Largest Central Asian Nation Goes to Polls in Test of New Leader
(Bloomberg) -- Uzbekistan holds parliamentary elections on Sunday that are a test of President Shavkat Mirziyoyev’s commitment to opening up central Asia’s most populous country and making it more attractive to foreign investors.
Five parties will compete for the 150 seats in the Oliy Majlis after a three-month campaign that has included the first televised debates and a barrage of TV advertising encouraging people to vote. Still, critics say voters lack an opportunity to support genuine opposition parties in the first parliamentary elections since Mirziyoyev became president in 2016.
“Our parliament is not a true parliament and it will vote for what it is told to,” said Yuliy Yusupov, director of the Tashkent-based Center for Economic Development. “The election will not be free and lists of candidates came from on high but they were at least allowed to debate.”
After succeeding the late Islam Karimov, who ruled with an iron fist for more than 27 years until his death in 2016, Mirziyoyev has eased political repression and moved to liberalize the economy of the former Soviet republic of 33 million people.
Uzbekistan broke into international markets after more than two decades of isolation to sell $1 billion of Eurobonds in February, and set out plans this month to woo investors with about $6 billion in bond sales and privatizations of state companies over the next five years.
Russia and the U.S. regard Uzbekistan, an exporter of gas, gold and cotton, as critical to maintaining stability against rising Islamist militancy in central Asia, whose energy reserves make it a region of strategic importance.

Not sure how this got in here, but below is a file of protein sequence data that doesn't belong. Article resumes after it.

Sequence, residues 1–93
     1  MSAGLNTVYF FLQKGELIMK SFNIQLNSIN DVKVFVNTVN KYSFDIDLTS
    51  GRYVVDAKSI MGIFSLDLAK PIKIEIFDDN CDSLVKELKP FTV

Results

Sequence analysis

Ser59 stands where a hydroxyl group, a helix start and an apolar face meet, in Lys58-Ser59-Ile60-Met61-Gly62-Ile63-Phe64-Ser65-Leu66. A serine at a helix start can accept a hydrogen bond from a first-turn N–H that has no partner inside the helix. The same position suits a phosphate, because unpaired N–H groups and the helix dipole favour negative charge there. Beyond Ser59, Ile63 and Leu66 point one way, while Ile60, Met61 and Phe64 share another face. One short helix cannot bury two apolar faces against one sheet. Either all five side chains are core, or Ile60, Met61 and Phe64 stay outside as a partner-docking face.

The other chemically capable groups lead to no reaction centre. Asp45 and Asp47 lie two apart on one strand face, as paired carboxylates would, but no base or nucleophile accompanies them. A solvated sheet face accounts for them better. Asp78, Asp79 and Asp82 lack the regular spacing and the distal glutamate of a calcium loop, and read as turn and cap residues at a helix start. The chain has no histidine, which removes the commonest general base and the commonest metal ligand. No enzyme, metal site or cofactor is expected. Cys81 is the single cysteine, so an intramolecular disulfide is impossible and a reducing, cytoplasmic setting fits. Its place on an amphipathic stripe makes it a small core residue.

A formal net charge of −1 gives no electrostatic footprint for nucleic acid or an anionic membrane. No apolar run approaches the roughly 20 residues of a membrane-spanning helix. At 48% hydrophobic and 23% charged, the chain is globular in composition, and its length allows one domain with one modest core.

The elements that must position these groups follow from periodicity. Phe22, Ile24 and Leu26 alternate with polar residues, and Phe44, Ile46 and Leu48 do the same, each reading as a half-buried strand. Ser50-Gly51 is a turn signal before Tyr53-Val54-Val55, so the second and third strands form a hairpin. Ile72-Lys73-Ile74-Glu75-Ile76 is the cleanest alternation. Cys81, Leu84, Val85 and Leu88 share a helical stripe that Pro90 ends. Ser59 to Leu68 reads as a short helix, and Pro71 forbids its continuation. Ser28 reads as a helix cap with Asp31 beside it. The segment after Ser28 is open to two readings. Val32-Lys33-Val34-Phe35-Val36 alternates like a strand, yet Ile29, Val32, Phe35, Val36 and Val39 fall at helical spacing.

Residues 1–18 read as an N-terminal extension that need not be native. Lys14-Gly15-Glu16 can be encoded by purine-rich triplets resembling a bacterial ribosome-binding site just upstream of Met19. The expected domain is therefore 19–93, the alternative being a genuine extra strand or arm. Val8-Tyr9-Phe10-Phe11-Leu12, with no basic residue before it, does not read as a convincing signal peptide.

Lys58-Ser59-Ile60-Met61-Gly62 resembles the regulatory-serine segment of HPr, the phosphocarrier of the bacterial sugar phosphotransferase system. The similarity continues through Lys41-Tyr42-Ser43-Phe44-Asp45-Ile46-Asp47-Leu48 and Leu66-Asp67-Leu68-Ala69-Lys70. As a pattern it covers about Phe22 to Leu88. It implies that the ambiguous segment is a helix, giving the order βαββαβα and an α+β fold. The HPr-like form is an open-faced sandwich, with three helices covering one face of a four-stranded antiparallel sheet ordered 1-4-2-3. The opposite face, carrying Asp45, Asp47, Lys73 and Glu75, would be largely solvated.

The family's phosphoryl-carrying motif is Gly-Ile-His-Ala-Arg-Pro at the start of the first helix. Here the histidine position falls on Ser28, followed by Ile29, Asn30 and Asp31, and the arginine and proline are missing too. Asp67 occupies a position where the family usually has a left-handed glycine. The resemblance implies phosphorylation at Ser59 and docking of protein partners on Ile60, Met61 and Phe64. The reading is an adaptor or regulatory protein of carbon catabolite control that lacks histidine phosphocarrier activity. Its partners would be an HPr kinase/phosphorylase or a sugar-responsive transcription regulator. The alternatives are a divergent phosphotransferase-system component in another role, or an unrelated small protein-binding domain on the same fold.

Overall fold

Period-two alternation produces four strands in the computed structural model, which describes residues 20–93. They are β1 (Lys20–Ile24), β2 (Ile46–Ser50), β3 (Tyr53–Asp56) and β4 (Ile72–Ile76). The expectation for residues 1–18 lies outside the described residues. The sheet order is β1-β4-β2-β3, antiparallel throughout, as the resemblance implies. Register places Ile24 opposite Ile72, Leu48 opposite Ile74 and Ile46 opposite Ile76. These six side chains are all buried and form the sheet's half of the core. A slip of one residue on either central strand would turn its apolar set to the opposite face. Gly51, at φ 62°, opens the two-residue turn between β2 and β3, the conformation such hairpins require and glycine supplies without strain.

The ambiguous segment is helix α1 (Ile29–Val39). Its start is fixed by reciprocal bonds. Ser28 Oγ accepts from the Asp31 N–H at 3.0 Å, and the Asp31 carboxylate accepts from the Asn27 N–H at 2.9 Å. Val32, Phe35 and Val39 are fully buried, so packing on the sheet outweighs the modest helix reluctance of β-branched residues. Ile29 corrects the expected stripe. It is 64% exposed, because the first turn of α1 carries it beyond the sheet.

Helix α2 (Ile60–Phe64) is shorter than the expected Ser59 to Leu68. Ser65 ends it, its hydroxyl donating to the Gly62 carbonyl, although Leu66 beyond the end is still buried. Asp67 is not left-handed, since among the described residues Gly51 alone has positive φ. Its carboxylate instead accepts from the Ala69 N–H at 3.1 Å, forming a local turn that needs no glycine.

The elections taking place under the slogan “New Uzbekistan - New Elections” are “presented as a milestone in the country’s ambitious Development Strategy” aimed at strengthening the role of parliament and political parties as well as civil society and the rule of law, the Organization for Security and Cooperation in Europe wrote in a Dec. 13 interim report. It has sent a full observer mission for the first time to monitor the elections.
Still, there are “significant limitations” on peaceful assembly, freedom of expression is “constrained,” and registration of political parties remains “burdensome and open to arbitrary application,” it said.
Parties that all held seats in the previous parliament are contesting the election; the Liberal Democratic Party of Uzbekistan, the People’s Democratic Party of Uzbekistan, Adolat (“Justice”) party, Milly Tiklanish (“National Revival”) party and the Ecological Party of Uzbekistan.
Mirziyoyev has overseen changes that included lifting currency controls and encouraging tourism by easing travel restrictions. Uzbekistan also unblocked the websites of foreign media and human rights organizations in May that had been off limits since hundreds of people were massacred by security forces in 2005 during unrest in the city of Andijan.
The president “has taken some steps for reform, including to improve the country’s human rights record,” Human Rights Watch said in a Dec. 16 report. “Nevertheless, Uzbekistan’s political system remains largely authoritarian.”
While the parties received campaign funding and free advertising spaces from the authorities, Central Election Commission chief Mirzo-Ulugbek Abdusalomov said last week that voters in some areas had complained about a lack of visible campaigning. An opinion poll conducted at the start of the campaign found a third of voters unaware an election had been called.
“Parliament doesn’t keep the executive in check now and I hope after this election its influence on decision-making will grow,” said Yusupov, of the economic development center. “Parties will now start realizing that they should compete against one another to justify their existence.”
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